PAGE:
Online Gender-Based Slurs and Abuses Don't Just Happen in English

Published on Thu May 09 2024Tattle - Uli

The majority of machine learning investment on online platforms still happens in English. As Tarunima Prabhakar commented to Rest of World back in 2021, there is hardly any prioritisation of other languages. For a country like India, abusive and hateful slurs also happen in vernacular languages. Yet, the lack of a list of these commonly used terms makes it harder to protect people from gendered abuse.

As part of the process of building Uli, Tattle developed one of the largest crowd-sourced slur lists in Indian languages. Indian English was deemed by the team as a distinct enough vocabulary to warrant investment. Tamil and Hindi were the other two languages chosen for the initial phase given team capacity and budgets at the time.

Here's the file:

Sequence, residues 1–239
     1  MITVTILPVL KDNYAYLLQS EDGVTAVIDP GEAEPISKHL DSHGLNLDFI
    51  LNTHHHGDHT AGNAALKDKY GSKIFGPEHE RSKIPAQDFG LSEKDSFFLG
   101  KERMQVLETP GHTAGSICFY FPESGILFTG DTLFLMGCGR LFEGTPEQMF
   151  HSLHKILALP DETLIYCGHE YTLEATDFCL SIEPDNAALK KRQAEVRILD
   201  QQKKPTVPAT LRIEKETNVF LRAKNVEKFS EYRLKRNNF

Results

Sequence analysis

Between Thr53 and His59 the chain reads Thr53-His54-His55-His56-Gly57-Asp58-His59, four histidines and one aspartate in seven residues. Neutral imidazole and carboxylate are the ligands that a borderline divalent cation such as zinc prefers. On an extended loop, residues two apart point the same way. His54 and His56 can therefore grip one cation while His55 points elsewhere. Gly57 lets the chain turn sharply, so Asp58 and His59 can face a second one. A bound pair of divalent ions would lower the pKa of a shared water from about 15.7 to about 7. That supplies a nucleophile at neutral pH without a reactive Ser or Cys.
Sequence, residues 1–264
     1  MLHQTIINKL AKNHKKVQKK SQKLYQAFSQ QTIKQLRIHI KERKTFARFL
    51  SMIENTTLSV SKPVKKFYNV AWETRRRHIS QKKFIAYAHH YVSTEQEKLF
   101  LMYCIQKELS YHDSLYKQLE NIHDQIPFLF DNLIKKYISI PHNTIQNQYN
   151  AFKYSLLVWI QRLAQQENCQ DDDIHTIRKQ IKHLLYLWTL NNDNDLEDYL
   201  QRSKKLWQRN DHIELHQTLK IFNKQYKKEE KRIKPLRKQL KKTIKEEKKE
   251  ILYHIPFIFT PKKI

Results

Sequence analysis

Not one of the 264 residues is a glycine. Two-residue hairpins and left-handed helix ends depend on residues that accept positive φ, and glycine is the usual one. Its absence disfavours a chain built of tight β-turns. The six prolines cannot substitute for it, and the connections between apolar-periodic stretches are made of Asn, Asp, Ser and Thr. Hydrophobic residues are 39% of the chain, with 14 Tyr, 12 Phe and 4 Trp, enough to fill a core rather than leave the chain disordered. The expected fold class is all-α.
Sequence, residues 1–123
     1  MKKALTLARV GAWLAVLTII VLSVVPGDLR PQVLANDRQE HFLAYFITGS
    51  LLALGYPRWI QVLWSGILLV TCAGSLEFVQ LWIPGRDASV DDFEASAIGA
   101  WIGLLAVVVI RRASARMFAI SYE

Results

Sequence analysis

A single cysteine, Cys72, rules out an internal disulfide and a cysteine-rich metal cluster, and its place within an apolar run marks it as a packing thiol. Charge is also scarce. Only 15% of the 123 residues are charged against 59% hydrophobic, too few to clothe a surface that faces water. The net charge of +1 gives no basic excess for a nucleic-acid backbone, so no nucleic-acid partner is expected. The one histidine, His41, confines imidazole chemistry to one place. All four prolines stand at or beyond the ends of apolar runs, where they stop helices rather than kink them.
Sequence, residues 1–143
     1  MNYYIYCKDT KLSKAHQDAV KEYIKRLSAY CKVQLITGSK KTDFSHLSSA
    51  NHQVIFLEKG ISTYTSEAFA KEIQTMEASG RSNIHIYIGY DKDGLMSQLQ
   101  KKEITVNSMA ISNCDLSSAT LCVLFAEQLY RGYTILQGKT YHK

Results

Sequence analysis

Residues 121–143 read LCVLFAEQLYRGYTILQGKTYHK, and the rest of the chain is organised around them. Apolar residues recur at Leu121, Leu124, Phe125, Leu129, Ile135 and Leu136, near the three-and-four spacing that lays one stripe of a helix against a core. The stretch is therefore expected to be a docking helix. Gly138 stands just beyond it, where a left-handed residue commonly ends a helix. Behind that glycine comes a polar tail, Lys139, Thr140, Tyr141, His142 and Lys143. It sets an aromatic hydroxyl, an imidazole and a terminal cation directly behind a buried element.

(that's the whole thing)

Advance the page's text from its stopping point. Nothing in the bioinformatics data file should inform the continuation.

A second round of crowdsourced words during Tattle’s 16 days of activism campaign in November 2023 allowed us to add Malayalam to the list of languages that Uli supports. Thanks to the work led by Aakash from Citizen Digital Foundation, 50 new slurs were added in Malayalam. It has been an immense collective effort that now contains over 630 words across the four languages, over 300 of which have been annotated. One of the annotators involved in the process also pointed out that given the number of alphabets that exist in other languages (as opposed to English), creating the lexicon for slur lists is even harder. As people learn to trick the system, the number of spelling and tweaking possibilities means consistently trying to keep up. The slur list is available on Tattle’s GitHub under the Open Data License for use by interested researchers and activists, or Trust and Safety teams.

Text and illustrations on the website is licensed under Creative Commons 4.0 License. The code is licensed under GPL. For data, please look at respective licenses.